Hey Willpower

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hey willpower
Also known as willpower, Hey Willpower
Origin San Francisco, California
Genres Dance, Pop, R&B, Crunk
Instruments Electronic
Years active 2003 - present
Labels Cochon Records (US)
Tomlab (Europe)
Associated acts Imperial Teen, Tussle, The Boy Explodes
Website http://www.heywillpower.com/
Members Will Schwartz (vocals), Tomo Yasuda (electronics), Justin Kelly, Mecca, Hayley Kaufmann, and Joey Guillory (dancers)
Past members Erin Rush, Donal Mosher, Chelsea Starr (dancers), Christelle (keyboardist and DJ)

Hey Willpower (styled hey willpower) is an American pop band, led by vocalist Will Schwartz and electronic musician Tomo Yasuda (usually known simply as "Tomo"), with rotating collaborators including musicians and dancers.


hey willpower was formed by Will Schwartz (one of the "queer alt-rockers" [1] of Imperial Teen) and San Francisco musician Tomo Yasuda (of The Boy Explodes), under the name willpower in San Francisco during July 2003.[2][dead link] They had to change their name to hey willpower by December 2004[3] after receiving a cease and desist order from an artist called Will Power.[4] Schwartz started the project to explore his interest in dance pop and R&B music, which he had no outlet for in his other band.[5]

Schwartz and Tomo began gigging in the San Francisco area in late 2003, eventually launching US and then European tours. The pair recruited dancers to liven up their shows; first Donal Mosher and Chelsea Starr,[6] and later Erin Rush and Justin Kelly.[5] In 2007, Schwartz and Tomo toured Europe with a dancer named Mecca, and a keyboardist and DJ named Christelle.[7] hey willpower have opened for bands including Scissor Sisters, Le Tigre, and Peaches."[8] In spring/summer 2008, the Schwartz, Tomo, and Kelly will embark on another tour of the United States and Europe, retaining Mecca and adding dancers Hayley Kaufmann and Joey Guillory.[7]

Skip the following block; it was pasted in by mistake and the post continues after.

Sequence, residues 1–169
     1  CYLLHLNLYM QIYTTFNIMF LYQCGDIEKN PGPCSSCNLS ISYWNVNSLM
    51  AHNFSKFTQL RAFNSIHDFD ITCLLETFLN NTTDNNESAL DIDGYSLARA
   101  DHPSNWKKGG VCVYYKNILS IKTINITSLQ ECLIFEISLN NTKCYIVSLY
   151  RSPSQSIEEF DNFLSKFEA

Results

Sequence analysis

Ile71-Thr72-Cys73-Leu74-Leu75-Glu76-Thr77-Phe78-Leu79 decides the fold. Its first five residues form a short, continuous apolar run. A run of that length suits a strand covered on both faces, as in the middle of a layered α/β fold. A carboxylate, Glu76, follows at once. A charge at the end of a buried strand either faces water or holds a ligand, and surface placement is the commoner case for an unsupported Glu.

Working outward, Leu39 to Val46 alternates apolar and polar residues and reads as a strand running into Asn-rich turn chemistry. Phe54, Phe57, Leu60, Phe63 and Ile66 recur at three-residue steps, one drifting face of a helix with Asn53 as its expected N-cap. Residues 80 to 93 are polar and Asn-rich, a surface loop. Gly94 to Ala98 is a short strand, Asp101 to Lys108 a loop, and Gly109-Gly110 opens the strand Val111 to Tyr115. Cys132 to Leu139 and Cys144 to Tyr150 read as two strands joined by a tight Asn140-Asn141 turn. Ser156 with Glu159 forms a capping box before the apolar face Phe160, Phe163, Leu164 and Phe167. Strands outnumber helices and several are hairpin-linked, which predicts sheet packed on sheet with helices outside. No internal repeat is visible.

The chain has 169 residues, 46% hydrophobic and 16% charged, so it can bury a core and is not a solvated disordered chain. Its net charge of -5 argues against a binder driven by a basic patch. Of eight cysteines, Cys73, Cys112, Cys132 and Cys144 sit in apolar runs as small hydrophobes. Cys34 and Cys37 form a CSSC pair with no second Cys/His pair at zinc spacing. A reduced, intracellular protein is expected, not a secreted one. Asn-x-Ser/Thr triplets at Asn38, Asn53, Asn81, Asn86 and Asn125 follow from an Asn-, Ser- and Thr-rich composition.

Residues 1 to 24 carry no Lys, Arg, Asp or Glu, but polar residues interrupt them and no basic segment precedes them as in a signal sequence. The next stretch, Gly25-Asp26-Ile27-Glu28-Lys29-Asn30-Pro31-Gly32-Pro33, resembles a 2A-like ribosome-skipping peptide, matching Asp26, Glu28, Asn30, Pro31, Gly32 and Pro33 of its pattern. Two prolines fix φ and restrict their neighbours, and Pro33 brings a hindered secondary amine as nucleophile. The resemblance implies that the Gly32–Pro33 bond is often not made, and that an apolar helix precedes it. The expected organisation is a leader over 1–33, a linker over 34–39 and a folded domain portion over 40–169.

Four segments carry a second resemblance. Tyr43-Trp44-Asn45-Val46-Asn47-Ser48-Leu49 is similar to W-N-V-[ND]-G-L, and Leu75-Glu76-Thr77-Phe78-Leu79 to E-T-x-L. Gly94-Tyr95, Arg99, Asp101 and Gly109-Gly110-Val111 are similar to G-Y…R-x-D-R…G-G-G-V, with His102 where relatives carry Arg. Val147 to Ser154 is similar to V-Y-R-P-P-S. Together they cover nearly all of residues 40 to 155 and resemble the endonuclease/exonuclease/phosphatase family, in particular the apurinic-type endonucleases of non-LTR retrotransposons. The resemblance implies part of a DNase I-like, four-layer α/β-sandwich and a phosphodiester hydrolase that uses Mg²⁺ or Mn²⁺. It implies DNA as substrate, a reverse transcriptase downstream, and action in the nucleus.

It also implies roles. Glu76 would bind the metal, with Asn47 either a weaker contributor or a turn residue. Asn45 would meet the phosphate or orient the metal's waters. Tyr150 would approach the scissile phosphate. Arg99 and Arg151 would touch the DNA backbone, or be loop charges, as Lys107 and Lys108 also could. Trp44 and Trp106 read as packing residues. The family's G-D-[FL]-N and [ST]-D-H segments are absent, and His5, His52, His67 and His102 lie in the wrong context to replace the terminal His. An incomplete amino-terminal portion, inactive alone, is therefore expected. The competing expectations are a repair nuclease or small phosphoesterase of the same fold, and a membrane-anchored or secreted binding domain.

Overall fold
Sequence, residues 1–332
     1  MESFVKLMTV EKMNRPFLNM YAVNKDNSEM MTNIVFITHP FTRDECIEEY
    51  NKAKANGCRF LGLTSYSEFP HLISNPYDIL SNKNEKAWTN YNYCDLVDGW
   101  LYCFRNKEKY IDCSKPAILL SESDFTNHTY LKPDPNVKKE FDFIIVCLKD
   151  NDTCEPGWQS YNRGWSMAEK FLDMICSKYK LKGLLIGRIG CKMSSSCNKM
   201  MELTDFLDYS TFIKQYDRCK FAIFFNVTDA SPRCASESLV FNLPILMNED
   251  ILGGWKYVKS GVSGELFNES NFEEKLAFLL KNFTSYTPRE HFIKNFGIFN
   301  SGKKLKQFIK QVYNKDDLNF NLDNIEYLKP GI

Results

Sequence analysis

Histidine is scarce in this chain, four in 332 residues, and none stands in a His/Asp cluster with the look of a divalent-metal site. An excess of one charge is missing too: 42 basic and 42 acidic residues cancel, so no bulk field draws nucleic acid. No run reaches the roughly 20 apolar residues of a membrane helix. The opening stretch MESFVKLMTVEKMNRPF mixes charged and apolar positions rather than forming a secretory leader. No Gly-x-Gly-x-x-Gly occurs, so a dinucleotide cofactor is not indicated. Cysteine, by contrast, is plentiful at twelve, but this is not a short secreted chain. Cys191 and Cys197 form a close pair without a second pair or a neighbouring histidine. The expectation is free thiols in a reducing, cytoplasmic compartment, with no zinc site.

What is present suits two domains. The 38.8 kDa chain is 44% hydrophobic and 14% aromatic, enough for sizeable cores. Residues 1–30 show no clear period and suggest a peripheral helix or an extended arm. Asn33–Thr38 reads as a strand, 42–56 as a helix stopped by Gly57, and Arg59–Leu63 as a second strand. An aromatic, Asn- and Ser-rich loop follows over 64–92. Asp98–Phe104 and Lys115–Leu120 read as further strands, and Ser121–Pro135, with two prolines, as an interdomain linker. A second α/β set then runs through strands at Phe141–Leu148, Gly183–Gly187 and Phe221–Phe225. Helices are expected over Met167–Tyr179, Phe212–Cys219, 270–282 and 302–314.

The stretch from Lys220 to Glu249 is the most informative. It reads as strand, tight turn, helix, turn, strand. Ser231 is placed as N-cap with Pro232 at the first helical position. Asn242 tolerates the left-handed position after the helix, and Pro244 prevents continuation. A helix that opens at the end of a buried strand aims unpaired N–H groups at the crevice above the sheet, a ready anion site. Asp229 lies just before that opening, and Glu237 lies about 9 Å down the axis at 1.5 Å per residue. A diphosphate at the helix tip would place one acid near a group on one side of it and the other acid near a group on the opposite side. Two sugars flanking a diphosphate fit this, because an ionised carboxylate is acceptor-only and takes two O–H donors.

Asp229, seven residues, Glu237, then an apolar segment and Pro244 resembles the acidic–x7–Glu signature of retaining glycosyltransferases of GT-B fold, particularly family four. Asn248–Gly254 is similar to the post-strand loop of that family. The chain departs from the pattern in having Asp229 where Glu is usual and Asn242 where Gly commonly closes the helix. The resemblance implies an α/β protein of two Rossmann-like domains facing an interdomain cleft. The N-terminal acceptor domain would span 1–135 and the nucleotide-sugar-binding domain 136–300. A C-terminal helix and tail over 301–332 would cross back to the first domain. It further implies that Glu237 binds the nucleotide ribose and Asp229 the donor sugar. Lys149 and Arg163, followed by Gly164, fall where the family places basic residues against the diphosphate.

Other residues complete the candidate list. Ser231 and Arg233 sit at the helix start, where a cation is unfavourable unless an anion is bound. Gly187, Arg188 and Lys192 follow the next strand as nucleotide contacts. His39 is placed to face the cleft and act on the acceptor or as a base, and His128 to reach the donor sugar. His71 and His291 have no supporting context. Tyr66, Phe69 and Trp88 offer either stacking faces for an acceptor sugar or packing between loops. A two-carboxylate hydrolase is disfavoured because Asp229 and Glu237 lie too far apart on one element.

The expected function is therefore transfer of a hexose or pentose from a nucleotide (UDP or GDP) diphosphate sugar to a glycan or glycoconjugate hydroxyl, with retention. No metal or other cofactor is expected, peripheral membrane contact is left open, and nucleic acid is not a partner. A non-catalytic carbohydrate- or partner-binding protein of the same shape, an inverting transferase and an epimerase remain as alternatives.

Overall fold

In the US, hey willpower released a self-titled EP through Cochon Records in 2005 (which went out of print and was re-released as Dance in 2007). Singles for "Double Fantasy II" and "Hundredaire" were released, with music video clips directed by the band's own Justin Kelly. 2006 saw a European-released LP titled PDA, from Tomlab. In 2006, the band also contributed to a duet version of Norwegian electronic pop singer Annie's song "Chewing Gum."[7][8] In 2007, the band recorded a cover of Architecture in Helsinki's song "Heart It Races"at Different Fur Studios in San Francisco, with Engineer Patrick Brown.[7]

In press, Will Schwartz has spoken effusively about his love for radio-friendly, danceable pop music, how emotionally and physically he is moved by it, and the pleasure he feels from seeing an audience move around and make some noise.[5] He has name-dropped the likes of Janet Jackson, L'Trimm,[2] Michael Jackson, Prince, Gwen Stefani, Justin Timberlake,[5] and Missy Elliott[9] as influences to hey willpower's sound. Schwartz has noted that some audiences disregard dance pop music like the kind he makes with hey willpower as being without musical integrity or value; as opposed to the sort of indie rock, post-punk music he makes with Imperial Teen. Schwartz refutes and rejects these attitudes.[4][5] The music video for "Double Fantasy II" carried a John Lennon and Yoko Ono-inspired concept that urged viewers to "give dance a chance."



  • hey willpower EP (2005)
  • PDA (2006)
  • Dance EP (2007)


  • Double Fantasy II (2005)
  • Hundredaire (2005)


  1. ^ "Joy of singles: Imperial Teen's Will Schwartz goes pop with his bubbly side project, hey willpower" - The Advocate 13 September 2005 retrieved from FindArticles.com
  2. ^ a b hey willpower Biography by Will Schwartz - heywillpower.com
  3. ^ "Name games" - San Francisco Bay Guardian December 2004
  4. ^ a b "Pop Goes the World" - San Francisco Weekly February 2005
  5. ^ a b c d e "Free Will" - San Francisco Bay Guardian May 2005
  6. ^ "Willpower" - San Francisco Bay Guardian January 2004
  7. ^ a b c d hey willpower MySpace
  8. ^ a b hey willpower Official Website
  9. ^ The Stranger August 2004

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